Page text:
Just because there are no magnetic monopoles does not imply that all magnetic fields are dipoles. There are many fields that are neither.

PainterGuy
PainterGuy said:
So, you are saying that the eddy will be produced and an emf will be also induced. I had the construction below in mind.
You have joined the center and the rim. I was talking about the same configuration, but not with the center and rim connected together like that, just the rotating disc.
In that case, current will flow from A to B on the upper surface and from B to A on the lower surface.

PainterGuy
PainterGuy said:
So, it means that an an accelerating charge won't loose its charge. As radiating electromagnetic waves is energy therefore the charge must loose something, and I think it would be mass then.
I am not sure if I can comment on this since I haven't studied EM radiation in depth, but just because radiating EM waves is radiating energy doesn't mean the charge has to lose something of its own (charge or mass). The charge is accelerated by means of some energy source and this radiation energy should ultimately come from that source.

PainterGuy
Thank you.

Dale said:
Just because there are no magnetic monopoles does not imply that all magnetic fields are dipoles. There are many fields that are neither.

If you say so, I'd agree with you. But could you please tell me of some fields which are neither monopole or dipole? I'm just curious.

cnh1995 said:
You have joined the center and the rim. I was talking about the same configuration, but not with the center and rim connected together like that, just the rotating disc.

Okay. But in the other configuration where the disc is horizontal, the center and rim were connected too so why is it different for this case when the disc is vertical as shown below?

cnh1995 said:
I am not sure if I can comment on this since I haven't studied EM radiation in depth, but just because radiating EM waves is radiating energy doesn't mean the charge has to lose something of its own (charge or mass). The charge is accelerated by means of some energy source and this radiation energy should ultimately come from that source.

No problem then. But I believe that it should be mass because I did read somewhere in the past that electrically charged body is hard to accelerate compared to an equivalent neutral body, and we can use the relation mass=E/c^2.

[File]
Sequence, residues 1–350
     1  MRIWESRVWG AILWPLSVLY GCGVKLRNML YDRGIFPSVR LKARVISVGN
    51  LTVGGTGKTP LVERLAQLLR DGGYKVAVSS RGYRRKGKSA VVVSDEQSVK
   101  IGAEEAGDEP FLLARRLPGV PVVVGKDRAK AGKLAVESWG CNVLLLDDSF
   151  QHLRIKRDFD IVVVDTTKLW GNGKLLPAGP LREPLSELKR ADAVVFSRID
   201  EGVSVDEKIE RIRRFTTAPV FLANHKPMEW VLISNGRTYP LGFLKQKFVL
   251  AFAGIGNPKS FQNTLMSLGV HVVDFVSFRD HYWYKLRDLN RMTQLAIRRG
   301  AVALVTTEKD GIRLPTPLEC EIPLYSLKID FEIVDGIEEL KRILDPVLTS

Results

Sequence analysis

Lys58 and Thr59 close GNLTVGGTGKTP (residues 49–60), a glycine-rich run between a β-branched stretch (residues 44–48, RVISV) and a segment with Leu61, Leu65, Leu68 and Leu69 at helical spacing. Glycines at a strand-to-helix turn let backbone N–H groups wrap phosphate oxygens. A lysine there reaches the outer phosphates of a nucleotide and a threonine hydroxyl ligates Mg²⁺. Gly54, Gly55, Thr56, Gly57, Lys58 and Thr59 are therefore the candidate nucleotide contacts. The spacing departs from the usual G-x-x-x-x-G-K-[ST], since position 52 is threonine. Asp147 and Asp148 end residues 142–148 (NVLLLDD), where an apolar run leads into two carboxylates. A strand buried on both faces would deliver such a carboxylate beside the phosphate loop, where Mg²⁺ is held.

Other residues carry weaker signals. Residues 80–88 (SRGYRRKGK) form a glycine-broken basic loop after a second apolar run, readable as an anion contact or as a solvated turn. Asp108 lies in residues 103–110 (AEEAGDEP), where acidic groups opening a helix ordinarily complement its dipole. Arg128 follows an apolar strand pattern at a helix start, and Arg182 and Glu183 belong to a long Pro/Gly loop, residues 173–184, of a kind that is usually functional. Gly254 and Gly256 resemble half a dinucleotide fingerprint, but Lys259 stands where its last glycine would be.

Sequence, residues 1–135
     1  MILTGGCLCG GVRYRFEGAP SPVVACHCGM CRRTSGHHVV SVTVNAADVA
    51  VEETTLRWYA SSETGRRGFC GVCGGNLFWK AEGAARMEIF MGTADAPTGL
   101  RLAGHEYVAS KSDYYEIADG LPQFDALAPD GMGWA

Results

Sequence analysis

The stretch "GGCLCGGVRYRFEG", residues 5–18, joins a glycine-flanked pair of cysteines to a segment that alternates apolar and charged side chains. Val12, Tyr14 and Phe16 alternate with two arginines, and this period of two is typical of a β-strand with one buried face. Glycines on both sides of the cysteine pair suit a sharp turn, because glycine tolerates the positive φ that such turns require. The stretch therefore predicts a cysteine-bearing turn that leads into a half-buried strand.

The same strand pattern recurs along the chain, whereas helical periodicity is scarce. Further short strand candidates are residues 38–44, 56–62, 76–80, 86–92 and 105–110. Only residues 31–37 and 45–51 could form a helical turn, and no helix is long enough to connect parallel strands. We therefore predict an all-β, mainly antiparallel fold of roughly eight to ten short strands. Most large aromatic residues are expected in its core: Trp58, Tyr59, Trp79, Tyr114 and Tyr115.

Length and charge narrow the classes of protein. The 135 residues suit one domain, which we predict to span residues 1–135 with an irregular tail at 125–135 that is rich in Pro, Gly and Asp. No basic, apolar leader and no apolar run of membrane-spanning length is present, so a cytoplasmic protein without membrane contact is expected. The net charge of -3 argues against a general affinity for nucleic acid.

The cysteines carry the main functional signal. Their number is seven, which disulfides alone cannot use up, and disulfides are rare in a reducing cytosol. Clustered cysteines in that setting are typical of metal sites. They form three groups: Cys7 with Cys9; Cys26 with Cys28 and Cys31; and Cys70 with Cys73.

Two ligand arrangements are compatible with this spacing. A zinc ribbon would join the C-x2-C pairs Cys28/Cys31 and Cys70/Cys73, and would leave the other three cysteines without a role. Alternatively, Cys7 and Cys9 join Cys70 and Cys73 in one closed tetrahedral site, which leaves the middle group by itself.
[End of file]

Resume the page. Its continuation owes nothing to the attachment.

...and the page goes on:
Thanks a lot.

PainterGuy said:
If you say so, I'd agree with you. But could you please tell me of some fields which are neither monopole or dipole?
The field around a straight wire for one, and all of the multipole fields greater than dipole, and a plane wave.

PainterGuy
PainterGuy said:
But could you please tell me of some fields which are neither monopole or dipole? I'm just curious
Induced electric field in Faraday's law is not a dipole field.
PainterGuy said:
But in the other configuration where the disc is horizontal, the center and rim were connected too
That connection is necessary for a current to flow. Without that connection, there will only be voltage present between center and rim of the disc.
PainterGuy said:
so why is it different for this case when the disc is vertical as shown below?
For the vertical disc in your diagram, no connection is required between center and rim as the current is flowing along the path I've shown in #6. If you connect the center and the rim, you are providing a parallel path for the current and some current will be diverted through that path.
PainterGuy said:
But I believe that it should be mass because I did read somewhere in the past that electrically charged body is hard to accelerate compared to an equivalent neutral body, and we can use the relation mass=E/c^2.
I don't have enough knowledge about EM radiation and mass-energy equivalence. I can't comment on that.

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PainterGuy

## 1. What is electromagnetism?

Electromagnetism is a branch of physics that deals with the study of the interactions between electrically charged particles and the electromagnetic field. It is a fundamental force that governs the behavior of charged particles and is responsible for many phenomena in our everyday lives, such as electricity, magnetism, and light.

## 2. How does an electromagnet work?

An electromagnet is created by passing an electric current through a coil of wire, which then generates a magnetic field. The strength of the magnetic field can be increased by increasing the number of turns in the coil or by increasing the current flowing through it. This allows electromagnets to be used in a variety of applications, such as lifting heavy objects, generating electricity, and controlling electronic devices.

## 3. What is the difference between an electromagnet and a permanent magnet?

The main difference between an electromagnet and a permanent magnet is that an electromagnet can be turned on and off by controlling the flow of electricity, while a permanent magnet always has a magnetic field. Electromagnets are also typically stronger than permanent magnets and can be adjusted in strength, making them more versatile for practical applications.

## 4. How is electromagnetism used in technology?

Electromagnetism is used in many technological devices, such as electric motors, generators, transformers, speakers, and MRI machines. It is also used in wireless communication technologies, such as radios, televisions, and cell phones. Electromagnetism is essential to the functioning of our modern world and has greatly improved our quality of life.

## 5. What are some common real-life applications of electromagnetism?

Some common real-life applications of electromagnetism include power generation and transmission, electric motors and generators, household appliances, medical imaging, transportation systems (such as trains and subways), and electronic devices (such as computers and smartphones). Electromagnetism also plays a crucial role in many areas of research, such as particle accelerators and fusion reactors.